New Orleans Sometimes they simply protest too much, and sometimes strange bedfellows are simply bedfellows caught strangely. This would be my summary on the team being put together to in Washington to whine about some of the new mortgage lending rules that the Mortgage Bankers Association, never a group that I would pick for the good guys in the room, claims would restrict homeownership. Whenever this group claims it is concerned about the ability for low-and-moderate income families to buy houses, I know there’s something fishy going on.
The dispute is largely over whether or not potential homeowners will be required to put down 20%. Right now in the real time of the housing market, this is already virtually the case, since so many loans are strictly adhering to Fannie and Freddie standards and requiring damned close to this. The National Association of Realtors claimed 96% of first time buyers made down payments of less than 20%, but we don’t know how many of these sales had other first time buyer incentives that were part of the recovery and other special programs.
First, let’s put aside the ability of some reporters to swallow whole the notion that the NAACP and La Raza are somehow strange partners in an alliance with bank lobbyists. These are partners pure and simple with banks providing millions of dollars worth of funding to capitalize their operations. Occasionally, one has to pay the piper, and this is no doubt one of those, I would imagine.
Second, the requirement about which these stuck pigs are squealing is that 5% of “the value of basket of loans” would have to be kept on a bank’s balance sheet and books, if the basked carries loans where less than 20% was put down by the borrower. What kind of topsy-turvy jabberwocky world are we living in where we put any credence on a claim that the small slice of 5% of a mortgage loan package is too much risk for a bank to handle? Why should banks be immune from taking a small tablespoon of the medicine all of the rest of the housing finance market is handling? This seems little more than a loud, blaring siren, as if we needed one, that the banks still in the midst of the greed and meltdown of the housing market and their forced foreclosures still have not learned anything. What is the remedy here – that we recreate a housing market where once again we sanction tranches of off-the-book transactions? Preposterous! The market has proven (often to our peril) that they can assemble tranches of virtually any kinds of loans, so why would we believe that they cannot package loans with 19% or 18% or 15% or even 10% down payments, and then let banks determine whether or not they are comfortable carrying 5% of that package on their books?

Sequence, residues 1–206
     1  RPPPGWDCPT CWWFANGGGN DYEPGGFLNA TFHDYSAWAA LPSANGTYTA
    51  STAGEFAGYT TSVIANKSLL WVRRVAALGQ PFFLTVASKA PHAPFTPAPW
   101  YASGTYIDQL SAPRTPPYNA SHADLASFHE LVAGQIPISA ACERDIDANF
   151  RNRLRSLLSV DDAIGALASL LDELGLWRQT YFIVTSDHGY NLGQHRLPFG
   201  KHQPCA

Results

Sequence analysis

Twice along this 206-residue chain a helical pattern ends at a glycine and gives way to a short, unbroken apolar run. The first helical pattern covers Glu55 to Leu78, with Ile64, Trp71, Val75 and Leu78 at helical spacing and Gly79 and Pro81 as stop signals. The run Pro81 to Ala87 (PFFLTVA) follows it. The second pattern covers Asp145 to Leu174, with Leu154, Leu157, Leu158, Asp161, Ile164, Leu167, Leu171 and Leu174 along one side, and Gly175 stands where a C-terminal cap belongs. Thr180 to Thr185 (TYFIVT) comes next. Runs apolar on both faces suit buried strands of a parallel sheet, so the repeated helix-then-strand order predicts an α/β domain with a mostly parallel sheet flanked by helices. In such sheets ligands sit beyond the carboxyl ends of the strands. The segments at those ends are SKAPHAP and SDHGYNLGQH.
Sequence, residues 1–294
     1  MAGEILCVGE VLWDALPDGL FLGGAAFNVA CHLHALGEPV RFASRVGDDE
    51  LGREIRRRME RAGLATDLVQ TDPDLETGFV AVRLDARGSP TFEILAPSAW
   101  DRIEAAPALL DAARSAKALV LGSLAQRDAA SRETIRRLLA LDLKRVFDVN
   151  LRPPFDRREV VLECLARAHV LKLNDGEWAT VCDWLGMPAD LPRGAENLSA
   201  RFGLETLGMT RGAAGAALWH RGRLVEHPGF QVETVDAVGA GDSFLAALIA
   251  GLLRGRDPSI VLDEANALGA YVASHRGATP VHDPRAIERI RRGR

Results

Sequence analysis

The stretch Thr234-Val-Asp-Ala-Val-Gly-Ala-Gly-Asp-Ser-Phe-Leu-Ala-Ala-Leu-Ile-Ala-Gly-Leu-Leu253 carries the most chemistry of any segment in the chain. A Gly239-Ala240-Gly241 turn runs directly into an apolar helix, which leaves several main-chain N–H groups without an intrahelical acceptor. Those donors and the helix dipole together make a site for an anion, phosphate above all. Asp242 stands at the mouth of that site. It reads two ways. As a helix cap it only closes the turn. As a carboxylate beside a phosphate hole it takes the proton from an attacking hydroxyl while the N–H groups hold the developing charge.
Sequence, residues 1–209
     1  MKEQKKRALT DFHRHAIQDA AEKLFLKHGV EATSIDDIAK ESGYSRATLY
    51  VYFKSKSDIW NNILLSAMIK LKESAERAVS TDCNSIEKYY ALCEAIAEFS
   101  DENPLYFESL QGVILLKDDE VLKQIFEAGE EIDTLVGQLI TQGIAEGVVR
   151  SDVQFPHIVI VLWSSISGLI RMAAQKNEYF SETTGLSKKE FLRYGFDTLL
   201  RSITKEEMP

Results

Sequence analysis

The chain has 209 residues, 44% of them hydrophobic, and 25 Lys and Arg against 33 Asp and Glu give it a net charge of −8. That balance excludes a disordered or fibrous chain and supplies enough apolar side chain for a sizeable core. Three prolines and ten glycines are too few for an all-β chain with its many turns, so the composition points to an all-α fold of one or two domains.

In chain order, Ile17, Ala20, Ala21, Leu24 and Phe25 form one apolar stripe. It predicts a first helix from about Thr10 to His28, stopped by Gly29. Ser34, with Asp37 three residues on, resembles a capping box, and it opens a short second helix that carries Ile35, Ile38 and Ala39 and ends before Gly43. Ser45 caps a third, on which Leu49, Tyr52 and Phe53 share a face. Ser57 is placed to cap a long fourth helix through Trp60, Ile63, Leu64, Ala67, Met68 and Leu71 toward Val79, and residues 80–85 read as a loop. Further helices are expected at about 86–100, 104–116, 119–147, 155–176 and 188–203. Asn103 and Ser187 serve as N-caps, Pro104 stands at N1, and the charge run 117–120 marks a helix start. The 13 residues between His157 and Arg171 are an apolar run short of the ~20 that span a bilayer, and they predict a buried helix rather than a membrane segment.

Thirdly, why won’t Community Reinvestment Act (CRA) requirements alone force banks to keep some share of the loans on their books with or without the new regulations? Here is where I get suspicious. Robert R. Davis with the American Bankers’ Association claims that “It is more likely that the credit restrictions that result (from this proposed rule) will disproportionately fall on lower-income borrowers.” The Times then summarizes his remarks saying “that, in turn, puts banks in a bind, because it gives the appearance of violating fair-lending practices.” Appearances? Baloney! It would violate such practices. It is discrimination and it is contrary to CRA requirements around racializing the geography of lending. The day the ABA gives a flip about the problems of lower income borrowers entering the market, definitely finds us in wonderland with Alice.
None of this smells right to me. There’s still no foreclosure relief. There’s still no regulation of brokers. There’s still no clarity on “affordability” standards or penalties for predatory practices. There’s still no clarity about a bank’s role in providing credit to the whole community and its interest.
I worry that we are being distracted from the real fights on regulations that are needed to bring the banks in line because of a fake fight on a minor requirement that banks should in fact embrace. Why aren’t banks standing up and saying that they are proud to keep some level of mortgage lending to all borrowers in their communities on their books?
Let’s get the answer to that first along with a renewed commitment to community reinvestment before we give an inch here.